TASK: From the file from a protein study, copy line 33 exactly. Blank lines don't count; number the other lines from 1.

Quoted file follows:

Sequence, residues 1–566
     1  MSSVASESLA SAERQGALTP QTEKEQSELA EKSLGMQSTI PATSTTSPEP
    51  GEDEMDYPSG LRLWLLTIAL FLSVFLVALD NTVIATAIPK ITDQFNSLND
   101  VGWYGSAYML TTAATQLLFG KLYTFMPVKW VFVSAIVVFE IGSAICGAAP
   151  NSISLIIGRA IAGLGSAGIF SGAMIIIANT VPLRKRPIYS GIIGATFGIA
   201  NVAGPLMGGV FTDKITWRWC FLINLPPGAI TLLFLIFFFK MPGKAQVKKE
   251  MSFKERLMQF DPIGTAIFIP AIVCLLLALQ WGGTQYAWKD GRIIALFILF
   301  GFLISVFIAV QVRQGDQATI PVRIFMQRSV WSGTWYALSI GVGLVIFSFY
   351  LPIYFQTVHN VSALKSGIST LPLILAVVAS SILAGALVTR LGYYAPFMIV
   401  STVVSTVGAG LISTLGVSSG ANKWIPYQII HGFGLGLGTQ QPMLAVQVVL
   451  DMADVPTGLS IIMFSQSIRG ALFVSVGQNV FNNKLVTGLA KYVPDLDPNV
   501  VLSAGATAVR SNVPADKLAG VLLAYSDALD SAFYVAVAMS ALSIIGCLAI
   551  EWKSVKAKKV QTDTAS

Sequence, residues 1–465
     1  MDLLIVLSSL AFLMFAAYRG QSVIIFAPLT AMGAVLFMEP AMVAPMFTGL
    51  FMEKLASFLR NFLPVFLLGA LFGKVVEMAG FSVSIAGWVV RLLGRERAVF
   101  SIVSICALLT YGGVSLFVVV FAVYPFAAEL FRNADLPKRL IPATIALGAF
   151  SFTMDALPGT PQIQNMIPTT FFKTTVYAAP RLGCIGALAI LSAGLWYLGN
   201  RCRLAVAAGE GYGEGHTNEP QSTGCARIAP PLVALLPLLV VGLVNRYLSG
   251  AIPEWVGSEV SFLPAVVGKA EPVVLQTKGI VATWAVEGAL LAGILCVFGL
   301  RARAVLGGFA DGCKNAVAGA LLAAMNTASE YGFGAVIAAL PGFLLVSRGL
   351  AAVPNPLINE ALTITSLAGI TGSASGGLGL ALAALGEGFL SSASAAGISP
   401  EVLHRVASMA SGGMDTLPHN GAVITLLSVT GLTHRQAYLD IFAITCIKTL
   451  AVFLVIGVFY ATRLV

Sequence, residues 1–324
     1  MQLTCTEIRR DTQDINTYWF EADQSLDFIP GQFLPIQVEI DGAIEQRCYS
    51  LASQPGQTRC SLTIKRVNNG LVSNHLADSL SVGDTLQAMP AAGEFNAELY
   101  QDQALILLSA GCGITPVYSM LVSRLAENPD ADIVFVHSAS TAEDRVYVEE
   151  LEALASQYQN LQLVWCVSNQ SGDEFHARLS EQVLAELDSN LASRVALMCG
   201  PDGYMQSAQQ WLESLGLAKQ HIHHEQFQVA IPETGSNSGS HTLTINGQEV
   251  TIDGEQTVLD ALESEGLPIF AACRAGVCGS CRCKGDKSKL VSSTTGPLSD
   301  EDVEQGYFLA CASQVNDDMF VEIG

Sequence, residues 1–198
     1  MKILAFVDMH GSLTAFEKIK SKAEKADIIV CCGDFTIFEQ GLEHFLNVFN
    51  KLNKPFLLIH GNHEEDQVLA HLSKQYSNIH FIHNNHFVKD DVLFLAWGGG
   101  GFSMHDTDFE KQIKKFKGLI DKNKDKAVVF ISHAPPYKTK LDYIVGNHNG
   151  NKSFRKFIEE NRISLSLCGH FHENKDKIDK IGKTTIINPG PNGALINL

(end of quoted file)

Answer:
Sequence, residues 1–198